The yeast two-hybrid system was employed in this study. FAT10 was used as the bait protein for screening of a cDNA library from a human hepatocellular carcinoma cell line, Hep3B. Protein interactions were confirmed based on localization studies and co-immunoprecipitation assays. The expression of mRNA and protein was determined using real-time polymerase chain reaction and western blot analyses, respectively.
In this study, we identified eukaryotic elongation factor 1A1 (eEF1A1) as a FAT10-specific binding protein. The binding between FAT10 and eEF1A1 was confirmed both in vivo and in vitro. We also found that, when the expression of FAT10 was reduced by siRNA knockdown, this resulted in downregulation of eEF1A1 expression at both the mRNA and protein levels in human hepatocellular carcinoma cells.
We propose a model in which eEF1A1 serves as a substrate of FAT10 to accomplish, in part, its functions in regulating the biological behavior of tumor cells. Since both eEF1A1 and FAT10 are important for tumorigenesis and development, comprehending the mechanisms of this interaction can provide clues for identification of novel strategic targets for drug screening and molecular typing, and possibly in the development of new effective therapeutic strategies against hepatocellular carcinoma.
Digestive Diseases and Sciences 05/2012; 57(9):2347-54. · 2.26 Impact Factor
[show abstract][hide abstract] ABSTRACT: This study examined whether variation in exonic and flanking sequences of the human HLA-F adjacent transcript 10 (FAT10) gene might be associated with susceptibility and clinicopathological development of hapatocellular carcinoma (HCC).
A total of 522 subjects, including 268 healthy controls and 254 patients with HCC, were recruited. Genotyping was accomplished using DNA sequencing. Haplotypes were determined through genotypic and disequilibrium analysis of identified single nucleotide polymorphisms (SNPs).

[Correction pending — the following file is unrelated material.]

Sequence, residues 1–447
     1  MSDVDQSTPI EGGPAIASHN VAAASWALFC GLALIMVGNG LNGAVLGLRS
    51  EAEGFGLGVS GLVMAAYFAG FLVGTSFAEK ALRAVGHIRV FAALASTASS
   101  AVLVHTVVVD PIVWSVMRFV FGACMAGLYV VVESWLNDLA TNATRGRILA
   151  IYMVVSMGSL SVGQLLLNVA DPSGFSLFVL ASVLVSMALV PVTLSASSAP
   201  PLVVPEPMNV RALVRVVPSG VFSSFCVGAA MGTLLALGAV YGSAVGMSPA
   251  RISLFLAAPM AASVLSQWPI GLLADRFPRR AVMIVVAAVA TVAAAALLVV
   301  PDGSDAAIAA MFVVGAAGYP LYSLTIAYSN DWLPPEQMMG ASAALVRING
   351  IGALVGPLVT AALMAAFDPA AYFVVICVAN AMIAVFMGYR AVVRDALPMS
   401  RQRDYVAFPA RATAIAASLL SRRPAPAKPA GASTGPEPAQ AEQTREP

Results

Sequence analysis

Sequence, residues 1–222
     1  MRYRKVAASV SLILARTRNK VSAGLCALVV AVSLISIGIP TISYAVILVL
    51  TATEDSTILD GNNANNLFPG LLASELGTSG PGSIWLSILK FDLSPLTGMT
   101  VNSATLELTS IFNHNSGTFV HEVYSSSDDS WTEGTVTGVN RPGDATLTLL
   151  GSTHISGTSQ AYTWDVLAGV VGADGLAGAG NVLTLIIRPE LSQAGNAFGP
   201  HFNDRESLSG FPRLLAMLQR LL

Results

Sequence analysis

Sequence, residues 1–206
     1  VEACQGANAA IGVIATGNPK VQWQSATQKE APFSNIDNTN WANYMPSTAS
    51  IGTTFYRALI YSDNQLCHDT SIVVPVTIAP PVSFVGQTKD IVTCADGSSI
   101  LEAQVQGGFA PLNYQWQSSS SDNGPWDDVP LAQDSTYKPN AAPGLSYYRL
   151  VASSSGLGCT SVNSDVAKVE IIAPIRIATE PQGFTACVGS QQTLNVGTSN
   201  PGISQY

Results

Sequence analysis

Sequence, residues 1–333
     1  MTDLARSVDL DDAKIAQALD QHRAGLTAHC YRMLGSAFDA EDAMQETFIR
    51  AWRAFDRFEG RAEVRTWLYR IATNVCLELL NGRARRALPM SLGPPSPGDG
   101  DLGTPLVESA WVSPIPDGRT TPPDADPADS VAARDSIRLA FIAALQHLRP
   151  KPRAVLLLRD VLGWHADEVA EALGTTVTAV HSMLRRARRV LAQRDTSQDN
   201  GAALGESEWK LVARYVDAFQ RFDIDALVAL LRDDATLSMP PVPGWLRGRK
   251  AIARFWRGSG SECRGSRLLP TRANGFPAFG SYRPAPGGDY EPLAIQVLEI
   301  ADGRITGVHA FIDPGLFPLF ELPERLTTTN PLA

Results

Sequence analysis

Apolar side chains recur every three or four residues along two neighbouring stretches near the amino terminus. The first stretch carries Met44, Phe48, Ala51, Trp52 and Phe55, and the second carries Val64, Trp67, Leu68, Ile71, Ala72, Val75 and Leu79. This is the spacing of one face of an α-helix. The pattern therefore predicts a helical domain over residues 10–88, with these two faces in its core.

Ten SNPs in FAT10 were identified, namely -143 A/G (rs362535), -121 A/G (rs2272991), +3446 C/T, +3476 T/C (rs2076484), +3527 T/C (rs2076485), +3607 T/C (rs2076486), +3620 C/G (rs2076487), +3803 C/G (rs8337), +3809 G/T (rs7757931), +3833 G/C (rs444013). +3446 C/T is a novel polymorphism. The -143 A/G, -121 A/G, +3476 T/C, +3607 T/C, +3620 C/G and +3809 G/T genotypes were associated with a decreased risk for HCC (all P-values <0.05). No SNPs were associated with disease clinicopathology (all P-values>0.05). Furthermore, under the analysis of haplotype, GGCTCGT and AGCTCGT were related to reduced HCC risk (OR=0.41, 95%CI=0.24, 0.70, P<0.05 and OR=0.43, 95% CI=0.22, 0.983, P<0.05, respectively), while AATTTCG was associated with an increased risk (OR=1.64, 95% CI=1.24-2.17, P<0.05). 10-million permutation testing also indicated the AATTTCG and GGCTCGT haplotypes to be associated with HCC susceptibility (both P-values<0.05). Patients carrying AATTTCG were in higher tumor and clinical stages (P<0.05), while GGCTCGT appeared protective in this context (P<0.05).
This study provides first evidence that FAT10 gene genetic variants may be involved in the susceptibility and clinicopathological development of HCC in the Chinese Han population.
Asian Pacific journal of cancer prevention: APJCP 01/2011; 12(8):2117-22. · 1.27 Impact Factor